Gerry Tietz read the following poem at the start of the meeting.
When You Thought I Wasn’t Looking
When you thought I wasn’t looking…
I saw you hang my first painting on the refrigerator,
and I immediately wanted to paint another one.
When you thought I wasn’t looking…
I saw you feed a stray cat,
and I learned that it was good to be kind to animals.
When you thought I wasn’t looking…
I saw you make my favorite cake for me,
and I learned that the little things can be very special in life.
When you thought I wasn’t looking…
I saw you make a meal and take it to a friend who was sick,
and I learned that we all need to help take care of each other.
When you thought I wasn’t looking…
I saw you give your time and money to help people who had nothing,
and I learned that everyone can make a difference.
When you thought I wasn’t looking…
I saw you take care of our house and everyone in it,
and I learned the importance of FAMILY.
When you thought I wasn’t looking…
I saw how you handled your responsibilities, even when you didn’t feel good,
and I learned that I would need to be responsible when I grew up.
When you thought I wasn’t looking…
I sometimes saw tears come from your eyes,
and I learned there are things that can hurt, yet it’s O.K. to cry.
When you thought I wasn’t looking…
I saw that you truly cared about people,
and I wanted to be everything that I could possibly be
to follow in your footsteps.
When you thought I wasn’t looking…
I looked at you and wanted to say,
“Thanks for all the things I saw when you thought I wasn’t looking.”
–original poem by Mary Rita Schilke Korzan
Gerry followed the poem with the Pledge and the Invocation.
President Dana introduced her guest and sister-in-law, Janet Ampe.  Janet is president of the Rogers Rotary Club. Janet was here to promote the Rogers Rotary Golf Tournament at Fox Hollow on Tuesday June 14th. Click here for details on registering or sponsoring.
Dana also noted that "Moving Day Twin Cities", a walk to support the Parkinson's Foundation will be held on Saturday May 7th in Plymouth. Details are available by clicking here.
There's still time to register for the District Conference at Mystic Lake Conference Center on May 12-13, but hotel reservations need to be made very soon. Get the details here.
Next week's program will be Patrick Donohue speaking on access to capital for small businesses.
The Board will meet at 11:00AM on April 26th.
Gerry Tietz announced that the Easter Egg Hunt Video he posted on FaceBook has had 5,000 hits and over 2,500 views. Nice work Gerry!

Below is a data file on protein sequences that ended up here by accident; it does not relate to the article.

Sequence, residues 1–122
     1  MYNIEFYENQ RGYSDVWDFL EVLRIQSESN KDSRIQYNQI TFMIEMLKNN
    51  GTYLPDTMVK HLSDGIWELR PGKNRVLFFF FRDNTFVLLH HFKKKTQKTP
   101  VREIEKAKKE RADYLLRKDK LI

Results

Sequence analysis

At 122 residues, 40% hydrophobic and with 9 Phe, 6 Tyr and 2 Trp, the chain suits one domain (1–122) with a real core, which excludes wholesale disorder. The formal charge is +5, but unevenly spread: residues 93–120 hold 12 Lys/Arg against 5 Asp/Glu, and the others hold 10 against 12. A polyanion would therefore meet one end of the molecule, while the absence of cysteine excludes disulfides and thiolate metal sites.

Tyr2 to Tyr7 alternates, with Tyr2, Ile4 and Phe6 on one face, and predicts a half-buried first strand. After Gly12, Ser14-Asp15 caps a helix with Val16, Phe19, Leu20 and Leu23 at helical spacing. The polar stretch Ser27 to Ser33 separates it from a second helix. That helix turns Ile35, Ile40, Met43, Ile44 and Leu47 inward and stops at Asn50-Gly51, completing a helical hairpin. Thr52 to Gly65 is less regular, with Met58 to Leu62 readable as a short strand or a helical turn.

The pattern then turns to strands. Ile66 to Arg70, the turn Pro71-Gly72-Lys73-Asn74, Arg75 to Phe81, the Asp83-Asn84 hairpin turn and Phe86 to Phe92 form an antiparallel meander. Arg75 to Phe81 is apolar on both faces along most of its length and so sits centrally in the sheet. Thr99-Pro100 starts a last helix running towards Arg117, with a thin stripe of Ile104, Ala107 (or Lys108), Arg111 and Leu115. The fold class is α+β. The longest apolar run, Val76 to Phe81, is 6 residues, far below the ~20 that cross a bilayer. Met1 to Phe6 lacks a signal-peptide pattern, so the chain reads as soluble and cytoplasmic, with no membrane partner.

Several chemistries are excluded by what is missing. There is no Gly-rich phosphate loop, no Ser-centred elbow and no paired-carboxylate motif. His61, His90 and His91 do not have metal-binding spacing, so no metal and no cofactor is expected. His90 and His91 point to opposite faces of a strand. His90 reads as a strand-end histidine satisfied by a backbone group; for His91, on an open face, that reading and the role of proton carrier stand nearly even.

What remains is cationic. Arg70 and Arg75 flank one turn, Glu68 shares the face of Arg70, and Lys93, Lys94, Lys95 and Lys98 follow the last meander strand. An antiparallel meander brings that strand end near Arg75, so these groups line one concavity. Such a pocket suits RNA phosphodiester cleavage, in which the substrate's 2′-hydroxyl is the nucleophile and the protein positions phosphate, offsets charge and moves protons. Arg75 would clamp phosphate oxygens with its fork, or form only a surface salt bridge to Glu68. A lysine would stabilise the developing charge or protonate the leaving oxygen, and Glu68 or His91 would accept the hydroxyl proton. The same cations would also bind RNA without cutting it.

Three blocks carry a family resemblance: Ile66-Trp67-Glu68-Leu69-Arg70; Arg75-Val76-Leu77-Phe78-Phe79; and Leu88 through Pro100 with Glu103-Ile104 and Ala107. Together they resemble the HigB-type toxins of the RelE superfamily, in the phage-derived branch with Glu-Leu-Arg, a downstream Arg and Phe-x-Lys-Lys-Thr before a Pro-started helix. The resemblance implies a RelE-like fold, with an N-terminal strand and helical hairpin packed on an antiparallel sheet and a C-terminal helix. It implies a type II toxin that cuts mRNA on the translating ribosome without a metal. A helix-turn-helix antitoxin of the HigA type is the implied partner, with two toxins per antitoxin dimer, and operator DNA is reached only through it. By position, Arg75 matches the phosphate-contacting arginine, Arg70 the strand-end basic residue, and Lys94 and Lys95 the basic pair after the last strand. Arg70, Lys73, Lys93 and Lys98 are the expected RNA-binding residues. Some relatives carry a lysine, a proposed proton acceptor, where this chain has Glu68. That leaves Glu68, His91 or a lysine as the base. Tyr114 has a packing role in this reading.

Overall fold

MaryAnn Bawden is subbing for Cindy Carlson as a table captain for the Northeast Youth and Family Services Leadership Luncheon on May 4th from 11:30 - 1:00 at Midland Hills Country Club. Click here for details.  Contact MaryAnn if you'd like to sit at her table.
Amy Wakem reported that we have 2 students signed up for Camp RYLA.
Amy  also noted that the 4th Grade Foresters tree give-away will be on Friday April 29th.  Stay tuned for details on how you can help with this great program. 
Amy has just returned from a family trip to South Africa. She may be willing to provide a Rotary Program about her trip.
Margaret Johnson introduced our speakers from Northwestern University, Matt Hyre, Ph.D. Department Chair of Mathematics and Engineering, Associate Professor of Mathematics and Dan Crane, Ph.D. Dean of the College of Behavioral & Natural Sciences, Professor of Chemistry. They were here to speak to us about the Northwestern's Math and Engineering Department.
Dan spoke first in general terms about the Engineering Program. He told us that engineering, at its core, is really just problem solving. But he stressed that ethics is becoming an increasingly important component in engineering, especially in biomedical engineering. He said that Northwestern's engineering program emphasizes ethics as an integral part of their program.  The engineering program was, for many years, part of a dual degree program with the University of Minnesota. In 2008, the UofM discontinued the dual degree program and Northwestern developed its own Bachelor's degree program with many advantages over larger university programs. Northwestern offers smaller class sizes, earlier exposure to core math and physics classes and earlier opportunities for research and publishing.  This year's class is the first to graduate from the new degree program. Northwestern will soon be offering an Early College program which will allow qualified high school students to complete the first year of the college program while still in high school.
Matt Hyre, Department Chair of the Math and Engineering Department, echoed his colleague's thoughts about the advantages of Northwestern's engineering program. He said that 15-20% of undergrads are involved in research and many undergrads have extensive publishing experience. He also emphasized the focus on experiential learning and described Northwestern as a model Christian community. He offered some specific examples of the research being done by his engineering students. He spoke about student research on coronary artery stents, concussions, athletic mouth-guards, submarine missile launches and ventilation systems for a Navy Seal team situation practice facility.  Dan, Matt, Margaret and Dana are shown below.